Jhirrad@15:Yes, that is all quite possible and is a worthy path to explore. However, we also don't know the linguistic rules of these languages Rothfuss has constructed, so we can't rule out either path of exploration.
In support of the lu part of Tehlu being a declension is that the followers of Tehlu are called Tehlin. If lu were integral to Tehlu, it wouldn't seem like you would modify it in that way.
Dave West
17. Jhirrad
shalter@16 - That's correct. All that said, the fact that we seem to be coming up with multiple options for what the 'lu' could translate as makes me more inclined to believe that it in fact is less likely to be a separate noun. Occams Razor and all.

An interesting piece of study might be trying to figure out how many words we find that 1) Are only 2 characters (in most languages which use complex alphabets 2 character nouns are extremely rare) and; 2) End in a vowels (many languages use this as a method to help create parts of speech). It could help us to set up a structural frame. Maybe I'll work on something like that this weekend.
Steven Halter
18. stevenhalter
Jhirrad@16:That's an interesting thought. Sumerian springs to mind as an example with lots of one or two syllable roots. The language don't really look Sumerian at all, but Rothfuss does seem to be playing with some proto-language notions.
A framework like you mention would be great!
George Brell
19. gbrell
@15: Re: no proper linguistic model

But that's why this is fun (unlike declensions, which are confusing). I like the idea that Tehlu could be "the Locker," which definitely fits well with the parable told by Trapis.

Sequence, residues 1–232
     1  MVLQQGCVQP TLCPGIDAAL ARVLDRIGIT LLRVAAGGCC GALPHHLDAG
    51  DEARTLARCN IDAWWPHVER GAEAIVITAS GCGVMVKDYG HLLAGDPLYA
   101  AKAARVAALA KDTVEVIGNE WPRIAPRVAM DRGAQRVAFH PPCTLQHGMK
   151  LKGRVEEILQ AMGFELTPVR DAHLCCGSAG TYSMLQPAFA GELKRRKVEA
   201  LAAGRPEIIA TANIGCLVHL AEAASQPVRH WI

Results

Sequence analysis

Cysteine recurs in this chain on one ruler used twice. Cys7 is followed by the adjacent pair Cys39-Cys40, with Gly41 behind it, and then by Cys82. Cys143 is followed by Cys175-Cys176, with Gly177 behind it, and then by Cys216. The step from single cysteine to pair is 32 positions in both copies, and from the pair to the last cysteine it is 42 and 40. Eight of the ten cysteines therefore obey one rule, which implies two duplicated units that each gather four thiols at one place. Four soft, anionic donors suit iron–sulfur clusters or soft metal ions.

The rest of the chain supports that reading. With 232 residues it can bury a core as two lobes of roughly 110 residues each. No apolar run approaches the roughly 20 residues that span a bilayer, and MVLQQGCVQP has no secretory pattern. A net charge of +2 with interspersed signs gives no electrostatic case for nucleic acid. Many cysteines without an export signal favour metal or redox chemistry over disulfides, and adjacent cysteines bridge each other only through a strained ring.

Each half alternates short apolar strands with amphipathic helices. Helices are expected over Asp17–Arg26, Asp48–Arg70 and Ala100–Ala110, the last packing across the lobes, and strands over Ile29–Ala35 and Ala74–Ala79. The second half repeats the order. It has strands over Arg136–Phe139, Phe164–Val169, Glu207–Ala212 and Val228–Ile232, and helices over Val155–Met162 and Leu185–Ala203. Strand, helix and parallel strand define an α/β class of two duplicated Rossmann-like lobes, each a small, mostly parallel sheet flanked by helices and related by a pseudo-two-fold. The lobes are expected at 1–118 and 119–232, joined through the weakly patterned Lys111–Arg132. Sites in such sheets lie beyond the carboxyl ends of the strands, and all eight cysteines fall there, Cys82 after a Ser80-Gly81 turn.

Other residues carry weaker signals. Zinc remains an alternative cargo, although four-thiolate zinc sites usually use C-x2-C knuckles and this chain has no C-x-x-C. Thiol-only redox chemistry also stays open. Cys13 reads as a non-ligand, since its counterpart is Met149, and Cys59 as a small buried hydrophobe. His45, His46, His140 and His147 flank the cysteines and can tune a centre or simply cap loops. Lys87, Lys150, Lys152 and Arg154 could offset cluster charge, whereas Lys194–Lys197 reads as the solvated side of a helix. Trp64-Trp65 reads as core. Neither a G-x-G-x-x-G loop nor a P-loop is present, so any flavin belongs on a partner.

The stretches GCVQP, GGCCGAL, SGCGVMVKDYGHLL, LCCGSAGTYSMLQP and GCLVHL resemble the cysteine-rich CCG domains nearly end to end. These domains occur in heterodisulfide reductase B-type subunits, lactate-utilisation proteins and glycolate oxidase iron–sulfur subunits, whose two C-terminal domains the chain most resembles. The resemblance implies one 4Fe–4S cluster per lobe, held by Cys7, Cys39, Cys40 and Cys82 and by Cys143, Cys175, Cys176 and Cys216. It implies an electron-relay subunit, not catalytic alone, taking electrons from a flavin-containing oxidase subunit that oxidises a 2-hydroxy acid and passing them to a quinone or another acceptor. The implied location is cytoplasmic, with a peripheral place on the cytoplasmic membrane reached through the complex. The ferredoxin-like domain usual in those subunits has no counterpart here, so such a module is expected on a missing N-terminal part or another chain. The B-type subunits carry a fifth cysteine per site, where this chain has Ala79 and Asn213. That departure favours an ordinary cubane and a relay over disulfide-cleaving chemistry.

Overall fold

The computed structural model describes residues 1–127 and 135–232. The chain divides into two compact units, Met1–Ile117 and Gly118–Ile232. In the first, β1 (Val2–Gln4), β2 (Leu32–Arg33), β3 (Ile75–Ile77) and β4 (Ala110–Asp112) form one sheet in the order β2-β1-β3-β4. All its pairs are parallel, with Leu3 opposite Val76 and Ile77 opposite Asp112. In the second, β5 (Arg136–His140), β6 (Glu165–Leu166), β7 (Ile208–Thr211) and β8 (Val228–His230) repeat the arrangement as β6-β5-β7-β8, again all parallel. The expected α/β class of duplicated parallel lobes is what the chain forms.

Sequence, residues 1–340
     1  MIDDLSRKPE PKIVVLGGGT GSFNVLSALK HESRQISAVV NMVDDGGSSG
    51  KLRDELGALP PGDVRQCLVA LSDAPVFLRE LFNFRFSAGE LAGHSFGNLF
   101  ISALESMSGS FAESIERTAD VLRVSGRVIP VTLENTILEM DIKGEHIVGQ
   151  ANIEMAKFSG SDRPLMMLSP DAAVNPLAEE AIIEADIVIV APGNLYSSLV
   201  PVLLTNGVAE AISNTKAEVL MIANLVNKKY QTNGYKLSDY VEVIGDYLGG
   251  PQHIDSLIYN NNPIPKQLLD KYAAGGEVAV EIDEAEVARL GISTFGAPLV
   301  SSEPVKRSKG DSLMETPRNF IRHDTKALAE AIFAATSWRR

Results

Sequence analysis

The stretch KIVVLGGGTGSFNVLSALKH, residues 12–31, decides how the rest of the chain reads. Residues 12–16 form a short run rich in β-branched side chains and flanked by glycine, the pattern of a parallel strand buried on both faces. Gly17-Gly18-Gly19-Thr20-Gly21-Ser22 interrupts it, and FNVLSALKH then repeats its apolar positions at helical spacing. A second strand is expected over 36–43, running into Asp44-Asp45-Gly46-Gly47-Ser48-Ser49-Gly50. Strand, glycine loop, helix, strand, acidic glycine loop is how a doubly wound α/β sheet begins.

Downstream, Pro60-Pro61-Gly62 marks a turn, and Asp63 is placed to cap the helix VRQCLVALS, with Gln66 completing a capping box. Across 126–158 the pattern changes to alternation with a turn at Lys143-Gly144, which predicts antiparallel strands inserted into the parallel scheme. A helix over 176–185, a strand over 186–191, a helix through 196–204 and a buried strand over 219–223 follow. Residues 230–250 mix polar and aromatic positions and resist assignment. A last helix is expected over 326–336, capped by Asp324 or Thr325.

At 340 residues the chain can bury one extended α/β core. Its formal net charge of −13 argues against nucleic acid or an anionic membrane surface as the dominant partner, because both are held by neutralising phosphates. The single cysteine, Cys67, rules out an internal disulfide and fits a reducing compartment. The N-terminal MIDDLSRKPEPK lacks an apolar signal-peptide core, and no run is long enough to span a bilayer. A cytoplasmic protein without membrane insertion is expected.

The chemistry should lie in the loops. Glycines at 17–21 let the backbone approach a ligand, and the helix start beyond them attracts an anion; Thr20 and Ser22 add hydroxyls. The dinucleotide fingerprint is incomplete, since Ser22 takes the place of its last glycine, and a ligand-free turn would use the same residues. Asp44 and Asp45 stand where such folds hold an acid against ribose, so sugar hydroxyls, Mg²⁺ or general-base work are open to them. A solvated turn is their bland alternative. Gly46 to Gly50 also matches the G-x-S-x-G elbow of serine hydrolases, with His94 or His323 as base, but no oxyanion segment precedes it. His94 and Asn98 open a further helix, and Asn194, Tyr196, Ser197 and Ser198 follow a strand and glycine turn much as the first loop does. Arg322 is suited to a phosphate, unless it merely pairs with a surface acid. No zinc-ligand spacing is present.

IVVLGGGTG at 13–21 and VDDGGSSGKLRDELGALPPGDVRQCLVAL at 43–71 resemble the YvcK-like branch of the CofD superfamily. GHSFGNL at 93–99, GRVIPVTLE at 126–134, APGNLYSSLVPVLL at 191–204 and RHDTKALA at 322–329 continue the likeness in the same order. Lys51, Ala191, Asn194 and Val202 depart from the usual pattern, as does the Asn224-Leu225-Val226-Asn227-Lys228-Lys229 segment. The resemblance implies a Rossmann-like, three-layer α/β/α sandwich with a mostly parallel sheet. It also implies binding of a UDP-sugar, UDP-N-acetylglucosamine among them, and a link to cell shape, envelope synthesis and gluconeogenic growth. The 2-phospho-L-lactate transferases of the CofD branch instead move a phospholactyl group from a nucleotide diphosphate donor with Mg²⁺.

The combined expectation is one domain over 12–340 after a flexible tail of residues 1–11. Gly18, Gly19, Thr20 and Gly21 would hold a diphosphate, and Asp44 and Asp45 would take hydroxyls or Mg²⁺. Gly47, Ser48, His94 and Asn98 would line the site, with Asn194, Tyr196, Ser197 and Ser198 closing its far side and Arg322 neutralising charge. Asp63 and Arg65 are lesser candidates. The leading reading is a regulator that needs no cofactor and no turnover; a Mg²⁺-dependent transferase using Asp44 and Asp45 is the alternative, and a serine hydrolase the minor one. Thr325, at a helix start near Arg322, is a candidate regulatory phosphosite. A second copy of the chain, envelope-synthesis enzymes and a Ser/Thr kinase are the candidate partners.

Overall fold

"In support of the lu part of Tehlu being a declension is that the followers of Tehlu are called Tehlin. If lu were integral to Tehlu, it wouldn't seem like you would modify it in that way."

Pythagoras = Pythagoreans. Even if that weren't the case, the linguistic decay argument works both ways here.
Steven Halter
20. stevenhalter
gbrell@19:Yep. The language(s) could be decaying into the arrived at words from several directions. It could also be that both meanings are correct and Rothfuss is having fun with multiple shades of meaning.
Lurking Canadian
21. suzannef
In this section we have not only Fela, as Jo says, but a few other real women-- Mola, Auri--to dispell the idea that Denna is poorly written, as opposed to poorly understood by K. Mola does seem a little vague, though, until she becomes a main player in the plot against Ambrose in WMF.
Ashley Fox
22. A Fox
On angels. Please, please, stop putting a christian light on the names 'angels' and 'demons'. Christianity does not exist in K's world.

Yes parallels can be drawn between the Christian Church and the Tehlin Church. However the comparison is one of a critical nature (Yes, yes, if you are Christian you probably will not like reading this part). As in the C' Church took on many different pagan aspects, sanctifing some and demonising others. Old gods/beings in new roles which suited the desires of that old court in Rome who laid the acceptable foundations of christianity. The T' Church is comparable in that it has taken stories (such as Skarpi's) and taken the parts that glorified Tehlu etc and sanctified them- 'Angels', whilst dubbing beings who didnt fit into their precepts 'Demons'.

However in the text alternative, older and seemingly truer versions are told. Of the Creation war etc. It quite clearly states that the 'angel' like beings are the Singers, and their description is far from the floaty-white-gowned-cherubic images we may associate with that word. The singers/angels are a bit more raw.

'Demons' seem to apply to the Chandrian, the Faen, and any who disagree with the T' Church.

Also Skarpi's treatment at the hands of the Church show that they clearly try to surpress any ideas that differ from the accepted gospel-ring any bells? imo the T'Church grew up partially naturally (or perhaps even out of fear of the judgements of the singers, who are there to act on wrongs they see. Setting up quide lines/commandemnts to avoid getting got by them) with Tehlu's legend but was also encouraged by the Amyr (until the split, by which point the Church was convinced of its sanctity, becoming a purer religion, if you will)